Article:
Paleontology of Bears Ears National Monument, Utah

PLOSBLOGS Update 12/4/17  President Trump Declares Major Reduction of Bears Ears Monument This Feb/2017 guest post to the PLOS Paleontology Community is by guest blogger Robert Gay. Rob is the Curator of Education at the Museum of Western Colorado, and also frequently contributes to the blog Prehistoric Pub. He can be found on Twitter @Paleorob. Thank you, Rob, for contributingContinue reading “Paleontology of Bears Ears National Monument, Utah”

A new look at old bones reveals patterns of neck elongation in elasmosaurids

I think at this point it’s no secret that I really really really like aquatic animals, especially of the extinct variety (in case you don’t believe me, see here and here and here and here and here and here! Whew!!). So I just couldn’t resist featuring another study on aquatic organisms that came out thisContinue reading “A new look at old bones reveals patterns of neck elongation in elasmosaurids”

Gone Fishin’ in the Cretaceous: A New Species of Acanthomorph from Canada

For being one of the largest groups of vertebrates, and having one of the richer fossil records among organisms, the relationships of fishes are still hotly debated. Humongous datasets are being compiled that involve molecular (both nuclear and mitochondrial) data, compared and contrasted with thorough morphological analyses. (I’m not going to get into all ofContinue reading “Gone Fishin’ in the Cretaceous: A New Species of Acanthomorph from Canada”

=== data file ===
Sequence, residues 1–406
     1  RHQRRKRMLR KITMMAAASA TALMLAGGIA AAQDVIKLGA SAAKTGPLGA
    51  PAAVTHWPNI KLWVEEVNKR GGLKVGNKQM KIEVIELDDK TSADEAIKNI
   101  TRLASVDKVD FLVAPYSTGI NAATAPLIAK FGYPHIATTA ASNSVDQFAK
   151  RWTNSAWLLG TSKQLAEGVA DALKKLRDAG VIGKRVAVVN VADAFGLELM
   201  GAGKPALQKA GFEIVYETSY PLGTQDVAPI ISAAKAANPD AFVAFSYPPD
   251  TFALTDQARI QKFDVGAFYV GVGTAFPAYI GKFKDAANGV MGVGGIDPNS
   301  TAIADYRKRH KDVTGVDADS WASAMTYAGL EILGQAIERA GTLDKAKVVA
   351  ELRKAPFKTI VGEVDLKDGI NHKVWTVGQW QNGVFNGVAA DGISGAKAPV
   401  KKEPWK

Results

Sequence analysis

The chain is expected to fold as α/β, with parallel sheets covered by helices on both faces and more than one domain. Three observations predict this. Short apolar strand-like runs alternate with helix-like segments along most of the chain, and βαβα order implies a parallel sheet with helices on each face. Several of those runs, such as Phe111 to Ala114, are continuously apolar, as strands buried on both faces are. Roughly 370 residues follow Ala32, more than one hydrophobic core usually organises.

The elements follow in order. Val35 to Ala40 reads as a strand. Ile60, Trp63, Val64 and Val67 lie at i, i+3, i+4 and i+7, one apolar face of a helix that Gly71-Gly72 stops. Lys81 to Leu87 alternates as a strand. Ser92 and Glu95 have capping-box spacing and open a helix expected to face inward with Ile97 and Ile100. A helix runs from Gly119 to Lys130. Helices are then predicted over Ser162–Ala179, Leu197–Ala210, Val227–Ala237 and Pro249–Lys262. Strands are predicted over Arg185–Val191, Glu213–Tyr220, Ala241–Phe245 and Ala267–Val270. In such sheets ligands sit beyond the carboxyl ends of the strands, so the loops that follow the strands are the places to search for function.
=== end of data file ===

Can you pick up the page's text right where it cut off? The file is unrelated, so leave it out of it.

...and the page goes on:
A Day in the Life of an Ammonite

Several years ago, back when I was working as the lab and collections manager for the St. George Dinosaur Discovery Site in St. George, Utah, we constructed a temporary exhibit with hundreds of ammonite shells from all over the world. One of our museum volunteers, an older French lady volunteering as a museum greeter andContinue reading “A Day in the Life of an Ammonite”

Happy Fins: Plesiosaurs Flapped like Penguins

One of the most infuriating things about being a paleontologist is being able to study some of the coolest organisms that have ever inhabited the Earth, yet never being able to see one in life. We’ll never know with complete surety what color they were, what they sounded like, and how they moved. Thankfully, newContinue reading “Happy Fins: Plesiosaurs Flapped like Penguins”

Snakes in a Burrow: Fossil Rattles Origin of Snakes

Last week, paleontologists published a study in the journal Science Advances revealing a possible habitat origin for modern snakes. This study was based on an exciting morphological discovery in a fossil snake that could help scientists understand why snakes developed limbless bodies and distinct sensory systems. The habitat of ancestral snakes has been debated betweenContinue reading “Snakes in a Burrow: Fossil Rattles Origin of Snakes”